In a recent blog, we talked about how – for universities – different courses require slightly different approaches to how they’re marketed. In that post, we looked specifically at creatively-centered courses like Music and Art; but what should universities think about when trying to inspire students to look at more technically-minded subjects such as Engineering or Computer Science?
For a technically minded student, one of the most exciting things about going to university is the opportunity to use a wide range of resources and cutting edge equipment. The below video for Birmingham City University’s Faculty of Computing, Engineering and the Built Environment was a perfect way for us to exercise the classic film-making axiom of “show, don’t tell” when highlighting such tools.
The video features a number of energetic quick cuts that stylishly showcase all manner of kit – from audio mixers and VFX set-ups, to network servers and construction equipment. Pairing these visuals with futuristic music and the rhythmic sound effects of machinery helps to establish the university as a forward-thinking institution equipped with state-of-the-art equipment, without us ever having to say so directly.
This allows the overt messaging of the video to focus on the next important point…
The CEBE video from the previous point highlights the huge variety of professional avenues that students can go down after graduating from technical courses. As well as highlighting the abundance of options, honing in on specific routes that they can take can be an excellent way of helping prospective students to make a choice that’s right for them.
As well as alumni profile videos in which past students talk about their lives since graduating, one particularly good way of accomplishing this is to talk more in-depth about the industry placements that are often part of technical courses. Such opportunities can have a large impact on a university applicant’s final decision – particularly in the wake of the COVID pandemic, as research undertaken by Lancaster University found:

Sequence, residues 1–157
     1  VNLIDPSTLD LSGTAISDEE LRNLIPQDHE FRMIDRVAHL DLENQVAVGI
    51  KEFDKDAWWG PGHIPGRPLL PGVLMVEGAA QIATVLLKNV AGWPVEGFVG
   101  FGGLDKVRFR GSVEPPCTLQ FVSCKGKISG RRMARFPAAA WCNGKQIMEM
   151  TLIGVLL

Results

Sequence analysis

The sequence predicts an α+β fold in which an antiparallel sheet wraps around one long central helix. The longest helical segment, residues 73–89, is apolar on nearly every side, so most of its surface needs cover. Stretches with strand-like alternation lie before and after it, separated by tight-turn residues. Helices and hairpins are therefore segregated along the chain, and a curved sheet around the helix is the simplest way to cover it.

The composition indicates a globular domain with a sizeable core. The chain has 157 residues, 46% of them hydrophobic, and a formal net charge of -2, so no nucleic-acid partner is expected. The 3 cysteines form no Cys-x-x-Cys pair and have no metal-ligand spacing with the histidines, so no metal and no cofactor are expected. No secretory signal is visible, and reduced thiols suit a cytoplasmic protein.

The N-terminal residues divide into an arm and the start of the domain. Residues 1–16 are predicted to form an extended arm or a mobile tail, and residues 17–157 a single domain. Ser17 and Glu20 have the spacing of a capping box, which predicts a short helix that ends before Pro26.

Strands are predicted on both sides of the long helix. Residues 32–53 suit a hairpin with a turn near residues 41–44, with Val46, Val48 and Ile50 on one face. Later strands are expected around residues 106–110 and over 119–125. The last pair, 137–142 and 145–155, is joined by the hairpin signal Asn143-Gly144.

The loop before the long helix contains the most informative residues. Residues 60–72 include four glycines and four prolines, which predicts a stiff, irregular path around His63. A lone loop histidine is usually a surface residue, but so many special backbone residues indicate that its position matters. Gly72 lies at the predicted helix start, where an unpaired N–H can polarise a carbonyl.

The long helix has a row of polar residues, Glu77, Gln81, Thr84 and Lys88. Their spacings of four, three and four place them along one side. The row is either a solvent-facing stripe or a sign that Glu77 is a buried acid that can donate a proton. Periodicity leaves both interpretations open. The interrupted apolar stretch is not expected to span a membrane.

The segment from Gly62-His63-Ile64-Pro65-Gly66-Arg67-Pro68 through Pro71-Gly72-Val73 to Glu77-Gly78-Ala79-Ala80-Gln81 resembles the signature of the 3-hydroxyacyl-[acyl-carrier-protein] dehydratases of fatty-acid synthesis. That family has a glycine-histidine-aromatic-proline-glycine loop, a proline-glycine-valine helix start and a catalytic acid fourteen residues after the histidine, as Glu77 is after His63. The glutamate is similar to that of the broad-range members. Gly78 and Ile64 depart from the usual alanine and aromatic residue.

“Employability ranks highly in the decision-making criteria for all respondents. With the global pandemic increasing students’ concerns around their future careers and the stability of their chosen industry / sector, there is a need for reassurance and a hard evidence base to support applicant decision-making. Interestingly, the research indicates a greater focus on availability of work experience / study abroad opportunities and graduate employment prospects…”
Taking a closer look at work placements, as we do in the below video that we produced with BCU, allows applicants to see a student embarking on their first experience of applying technical skills in a professional context. The viewer is able to see how the university has equipped this student for the challenges they face.
Particularly when it comes to technically complex topics like engineering or computer programming, a more detailed look at how the course is structured can reassure students that they’ll be able to flourish and develop their skills.
It’s telling that the participants in the student experience videos that we’ve worked on with City, University of Londonall look to demystify the learning structure of their course. This can include what it’s like to transition from college to university; and how, as time goes on, they’re able to customise their module choices to reflect their interests and abilities.
As with creatively-based courses, promoting these more technical courses requires us to think about the concerns that a prospective student might have. Introducing students to the opportunities offered by these kinds of degrees is an excellent place to start. Then, reassuring applicants of the many ways in which the course can prepare them for those next steps is a perfect way of helping them to make the right decision for their future.